Tourist Pricing: Fair or Unfair?

Some time ago, I’ve read a very interesting and yet controversial post titled “Tourist Pricing: Is It Right Or Wrong?” written by fellow budget travel bloggers of Goats On The Road. In this post, Dariece and Nick are discussing the issue of paying higher prices by foreigners which we all experienced at one point or another during our travels.

Local prices of street food in Bali

I remember the comment I left on the post saying:

“One of the reasons why me and Cez did not enjoy some of the days when in Vietnam was paying “tourist” prices which were at least 5 times higher than the local prices. We felt like everyone was trying to rip us off. We stopped trusting people with prices and didn’t have much fun there :-(“.

Our Experience

Our visit to the Philippines made me start thinking of this issue once again. As you have probably read in my previous notes, me and Cez didn’t enjoy the country as much as we thought we would. Actually, we felt disappointed in some way. I guess the expectations and the reality clashed. One of the reasons (not the main one though) was the lack of hospitality we experienced when visiting Pagudpud, Laoag, Cebu and Manila. This was our first time when locals asked us to pay them for taking photos, we we had to pay extra faxes and fees at airports, bus and ferry stations (because we’re foreigners) and we were, of course, triple charged for the food and drinks in some local places.

Terminal fees at Cebu ferry station

 

At some point we felt like “walking ATMs”. Don’t get me wrong, we don’t mind paying fees at the airports when we have to, but when you hear “Sorry, but you have to pay for the photo” when you are just about to capture a beautiful Filipino girl in the street, you don’t feel like taking more photos…

We felt like the line between “You can pay more to support our local community” and “I want to rip you off because you are a rich white person” has been in many situations faded.

Locals’ Excuses To Charge Foreign Travelers More:

1: “You earn more than us”

This is one of the most common excuses I’ve ever heard. Some locals blame us for earning more money than they do and they feel like it is so unfair for us to pay the same amount of money for products/services locals would normally get charged. Is it true? I don’t think so. Nick in his post points out that “If indeed all tourists did make more than all locals in the given country, then surely it would be fair for them to pay more… but this simply isn’t true. All tourists enter the Pyramids Of Egypt and pay $10 alongside Egyptian oil tycoons and resort owners who pay only 50¢. Given the absence of any financial checks, this argument is wrong as it’s no longer about wage, but about color of skin and nationality, which simply boils down to discrimination.” Would you agree?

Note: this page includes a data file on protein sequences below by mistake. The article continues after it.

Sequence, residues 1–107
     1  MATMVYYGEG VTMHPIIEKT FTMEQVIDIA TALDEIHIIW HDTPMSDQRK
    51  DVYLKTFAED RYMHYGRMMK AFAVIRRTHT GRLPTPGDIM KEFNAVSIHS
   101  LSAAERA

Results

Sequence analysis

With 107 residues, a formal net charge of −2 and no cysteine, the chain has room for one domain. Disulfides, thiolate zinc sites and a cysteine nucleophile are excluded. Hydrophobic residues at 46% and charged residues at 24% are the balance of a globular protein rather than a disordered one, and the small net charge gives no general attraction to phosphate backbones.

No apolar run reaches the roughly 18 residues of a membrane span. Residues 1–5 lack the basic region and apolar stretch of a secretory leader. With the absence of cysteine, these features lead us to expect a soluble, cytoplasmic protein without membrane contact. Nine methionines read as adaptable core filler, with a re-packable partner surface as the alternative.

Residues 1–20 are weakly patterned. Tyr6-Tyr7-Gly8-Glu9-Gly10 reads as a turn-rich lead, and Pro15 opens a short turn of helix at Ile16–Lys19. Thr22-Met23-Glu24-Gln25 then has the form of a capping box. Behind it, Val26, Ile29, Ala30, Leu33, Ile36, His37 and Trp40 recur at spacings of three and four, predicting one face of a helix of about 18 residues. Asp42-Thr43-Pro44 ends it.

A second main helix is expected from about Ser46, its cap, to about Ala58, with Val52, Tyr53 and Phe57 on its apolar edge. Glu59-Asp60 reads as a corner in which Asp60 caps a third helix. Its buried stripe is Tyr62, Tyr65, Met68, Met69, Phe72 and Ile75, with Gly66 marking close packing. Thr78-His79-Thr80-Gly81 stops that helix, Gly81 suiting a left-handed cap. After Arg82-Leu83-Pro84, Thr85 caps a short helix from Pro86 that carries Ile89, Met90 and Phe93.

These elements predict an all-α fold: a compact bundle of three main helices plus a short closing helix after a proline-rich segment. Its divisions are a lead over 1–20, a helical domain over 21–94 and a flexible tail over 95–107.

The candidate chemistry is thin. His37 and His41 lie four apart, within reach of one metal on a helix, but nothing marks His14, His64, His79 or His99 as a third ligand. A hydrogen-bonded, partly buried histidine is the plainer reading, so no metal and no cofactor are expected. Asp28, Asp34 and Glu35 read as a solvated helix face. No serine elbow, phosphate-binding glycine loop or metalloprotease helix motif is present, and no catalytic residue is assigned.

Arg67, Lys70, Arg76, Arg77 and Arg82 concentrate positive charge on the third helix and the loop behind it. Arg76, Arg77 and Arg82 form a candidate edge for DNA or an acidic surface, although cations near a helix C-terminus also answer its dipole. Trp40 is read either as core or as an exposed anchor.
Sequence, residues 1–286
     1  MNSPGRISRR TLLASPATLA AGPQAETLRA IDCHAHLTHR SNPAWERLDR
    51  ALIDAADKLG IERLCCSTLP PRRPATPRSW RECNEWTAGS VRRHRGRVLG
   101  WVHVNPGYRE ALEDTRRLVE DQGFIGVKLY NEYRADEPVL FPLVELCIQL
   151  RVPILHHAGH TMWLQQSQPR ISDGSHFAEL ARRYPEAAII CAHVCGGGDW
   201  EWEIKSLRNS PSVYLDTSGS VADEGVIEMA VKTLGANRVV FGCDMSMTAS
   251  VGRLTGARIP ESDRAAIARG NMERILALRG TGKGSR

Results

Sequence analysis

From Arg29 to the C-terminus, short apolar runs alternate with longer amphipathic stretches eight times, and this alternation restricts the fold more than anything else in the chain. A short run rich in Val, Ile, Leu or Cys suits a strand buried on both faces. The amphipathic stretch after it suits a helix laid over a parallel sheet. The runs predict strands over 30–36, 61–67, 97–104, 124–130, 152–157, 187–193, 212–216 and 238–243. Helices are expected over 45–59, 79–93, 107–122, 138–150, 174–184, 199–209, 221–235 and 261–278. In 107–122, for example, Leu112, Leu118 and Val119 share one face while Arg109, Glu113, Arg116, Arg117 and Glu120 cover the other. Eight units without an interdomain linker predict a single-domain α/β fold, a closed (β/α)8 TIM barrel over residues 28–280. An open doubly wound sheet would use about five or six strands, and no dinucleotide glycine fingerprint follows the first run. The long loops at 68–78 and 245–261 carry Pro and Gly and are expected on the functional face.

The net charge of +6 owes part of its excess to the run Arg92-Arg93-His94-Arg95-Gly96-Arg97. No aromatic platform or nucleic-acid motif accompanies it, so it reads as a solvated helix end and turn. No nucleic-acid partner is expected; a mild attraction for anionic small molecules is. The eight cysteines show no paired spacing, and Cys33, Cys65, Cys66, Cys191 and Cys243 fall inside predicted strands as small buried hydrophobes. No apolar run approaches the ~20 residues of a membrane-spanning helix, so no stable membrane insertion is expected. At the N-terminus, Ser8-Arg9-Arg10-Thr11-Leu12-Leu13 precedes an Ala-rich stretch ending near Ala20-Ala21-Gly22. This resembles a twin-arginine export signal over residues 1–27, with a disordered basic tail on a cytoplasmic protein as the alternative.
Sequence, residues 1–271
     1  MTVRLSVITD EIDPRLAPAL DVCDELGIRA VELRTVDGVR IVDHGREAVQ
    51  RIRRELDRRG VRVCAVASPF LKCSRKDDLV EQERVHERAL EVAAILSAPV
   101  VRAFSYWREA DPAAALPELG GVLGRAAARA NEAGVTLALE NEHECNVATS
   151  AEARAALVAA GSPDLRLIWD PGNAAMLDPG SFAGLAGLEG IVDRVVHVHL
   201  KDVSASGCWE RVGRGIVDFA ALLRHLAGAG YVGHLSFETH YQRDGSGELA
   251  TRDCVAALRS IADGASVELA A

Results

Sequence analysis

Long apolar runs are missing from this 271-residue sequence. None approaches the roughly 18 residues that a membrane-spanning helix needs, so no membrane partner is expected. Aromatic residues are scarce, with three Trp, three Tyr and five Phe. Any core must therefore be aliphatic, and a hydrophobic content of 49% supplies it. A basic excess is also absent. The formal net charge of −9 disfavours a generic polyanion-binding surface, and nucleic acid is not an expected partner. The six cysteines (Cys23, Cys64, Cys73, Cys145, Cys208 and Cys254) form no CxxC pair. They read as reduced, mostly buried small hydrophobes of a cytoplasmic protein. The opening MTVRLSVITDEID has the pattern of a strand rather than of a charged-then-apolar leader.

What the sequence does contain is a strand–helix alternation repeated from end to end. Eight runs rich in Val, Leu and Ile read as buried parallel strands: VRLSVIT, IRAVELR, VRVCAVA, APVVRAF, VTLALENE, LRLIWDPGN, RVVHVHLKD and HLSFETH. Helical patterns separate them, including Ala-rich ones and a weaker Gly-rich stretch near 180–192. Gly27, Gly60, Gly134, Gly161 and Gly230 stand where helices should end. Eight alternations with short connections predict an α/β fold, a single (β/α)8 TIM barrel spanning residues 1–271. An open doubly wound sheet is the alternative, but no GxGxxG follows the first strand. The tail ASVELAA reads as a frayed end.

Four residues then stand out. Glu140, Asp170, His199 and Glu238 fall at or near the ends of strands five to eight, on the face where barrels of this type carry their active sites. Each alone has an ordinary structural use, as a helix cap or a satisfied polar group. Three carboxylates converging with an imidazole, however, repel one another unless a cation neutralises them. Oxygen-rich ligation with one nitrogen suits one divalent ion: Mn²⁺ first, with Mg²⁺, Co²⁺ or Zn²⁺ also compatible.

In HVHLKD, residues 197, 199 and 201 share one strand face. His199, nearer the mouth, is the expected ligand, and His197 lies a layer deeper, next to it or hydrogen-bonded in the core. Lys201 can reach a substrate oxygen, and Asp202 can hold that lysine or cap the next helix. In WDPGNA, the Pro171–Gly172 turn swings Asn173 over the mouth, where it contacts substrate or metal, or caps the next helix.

Foreign price

Yara points out “I´ve experienced that on a daily basis in India, Thailand, Malaysia… Seems like Asian countries love to suck in our pockets like vampires. They assume that because were white we´re all rich, but the fact is that I´m for a very poor European country where there´s no work, no money, nothing but recession and crisis whereas I´ve seem too many rich Indians strolling around in their massive cars, wearing gold and diamonds, which is something I would never be able to afford.” Would you agree?

2: “You can afford your travels so you have money”

I’ve heard this excuse countless of time when in China. Some locals think that if we can afford to travel the world, we are rich people and we simply don’t care about money Why? Because in most of Asian countries only a bunch of well-educated and wealthy people can travel. It’s a privilege. Is it true? Not really. What they forget about is that some of us had to work our asses off for many years to save up the money to travel. Some of us have limited budget (like us) and if we don’t control it, the journey is over. Some of us make a lot of sacrifices to be able to afford long-term journeys and being ripped off every day does not help at all.

Getting on a plane to Cebu

3: “In your country you would pay much more”

Yes, but I am not in my country. I’m in a country where things are much cheaper. If things were not cheaper, I probably would be here…

This excuse frustrates me the most, seriously. When I’m in America, I pay $4 for a cup of coffee. When I am in Poland, I pay $2,5 for the same Starbucks coffee and when I’m in Cambodia, I expect to pay $1. Why? Because these are price standards and they differ a lot in every country.

Do we expect Chinese or Cambodian people to pay more for stuff when they visit our country? No! Do we charge Filipino tourists/travelers more because they are foreigners when visiting our homeland? No! Why? Because it’s unfair. We treat people equally in our country and we want them to feel like home.

4: “You are on a holiday, you can spend a lot of money”

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Some locals can easily say who is a holiday maker and who is a traveler. When they see an older couple wearing flip flops and hats, they assume they are holiday makers. What does it mean? It means they have money and they can easily get ripped off. I remember one Vietnamese saying “Old people are easily to rip off. They don’t know how to haggle. They are way too lazy and old for this.” I was speechless…